Relational Sanity Pt 6: Remorse, reflection, responsibility and repentance

remorseOften in our lives we are faced with people who are harmful, plowing through the lives of others like freight trains that have jumped the tracks. We can break these individuals down into two groups — the people who feel remorseful when they see the pain they cause and those who don’t.  As there is no use whatsoever in talking about the second group (because they don’t care and therefore will not change), I am going to focus on the first – using King Saul as an example.

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As we read through the accounts in I Samuel, we see that Saul is a very tormented individual – literally. God sends an evil spirit to vex him and Saul ends up struggling with it for the rest of his life instead of repenting and turning his life around. As we know, this is the point where David enters into the picture, having been brought to the palace in order to play music to soothe Saul by sending the evil spirit away for a time. Unfortunately, jealousy and paranoia get the best of Saul and he returns David’s service with violence.  Saul throws spears at David; Saul conspires to have David killed in battle under the pretext of securing a dowry, and he even sends soldiers to his bedroom at night in an attempt to kill him. David escapes and spends years living in the wilderness of Israel, hiding in caves as Saul hunts him.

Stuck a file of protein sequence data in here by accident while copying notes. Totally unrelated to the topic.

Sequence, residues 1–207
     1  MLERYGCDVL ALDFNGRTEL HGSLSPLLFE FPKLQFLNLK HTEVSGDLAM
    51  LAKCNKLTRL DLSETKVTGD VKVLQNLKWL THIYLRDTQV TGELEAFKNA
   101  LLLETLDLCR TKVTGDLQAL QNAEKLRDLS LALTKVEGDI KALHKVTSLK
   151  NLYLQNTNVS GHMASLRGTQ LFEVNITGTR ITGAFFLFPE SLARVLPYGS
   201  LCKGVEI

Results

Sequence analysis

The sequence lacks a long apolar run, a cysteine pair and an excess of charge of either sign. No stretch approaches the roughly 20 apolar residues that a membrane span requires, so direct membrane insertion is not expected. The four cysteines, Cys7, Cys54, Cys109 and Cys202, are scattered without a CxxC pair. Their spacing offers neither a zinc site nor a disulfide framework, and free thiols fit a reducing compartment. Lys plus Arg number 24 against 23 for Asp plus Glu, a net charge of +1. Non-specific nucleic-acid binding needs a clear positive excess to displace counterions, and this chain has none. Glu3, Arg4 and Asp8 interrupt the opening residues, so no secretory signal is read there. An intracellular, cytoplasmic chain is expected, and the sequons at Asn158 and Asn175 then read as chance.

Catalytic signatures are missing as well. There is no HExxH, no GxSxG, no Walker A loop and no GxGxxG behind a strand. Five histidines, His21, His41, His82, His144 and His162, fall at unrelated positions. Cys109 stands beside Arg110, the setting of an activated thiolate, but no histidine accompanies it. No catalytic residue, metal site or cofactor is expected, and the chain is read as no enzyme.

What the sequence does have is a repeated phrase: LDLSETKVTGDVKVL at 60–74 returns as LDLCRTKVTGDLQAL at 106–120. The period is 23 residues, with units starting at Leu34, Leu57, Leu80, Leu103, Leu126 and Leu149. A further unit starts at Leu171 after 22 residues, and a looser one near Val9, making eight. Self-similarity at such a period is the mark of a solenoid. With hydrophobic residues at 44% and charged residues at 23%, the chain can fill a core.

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Twice during this time, David has the opportunity to kill Saul but he instead uses the opportunity to show Saul that he can be trusted.  On both these occasions we see that Saul is grieved and filled with remorse when he sees that he has wronged David.  But what exactly does remorse amount to?

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Saul felt bad, and he briefly remembered David as a son, his loyal servant.  He sees that the effects of his pursuit have been harmful, he feels guilty, and he goes home. Remorse is good as it shows the humanity of Saul, his ability to perceive that he has harmed someone else, but Saul never seems to reach the next step.  You see, remorse can come from a place of empathy or it can come from a place of self-centeredness. There is a big difference between feeling bad for causing someone else pain, and simply feeling bad because we don’t like that the results of our actions have been negative. I think that Saul fell into the second category.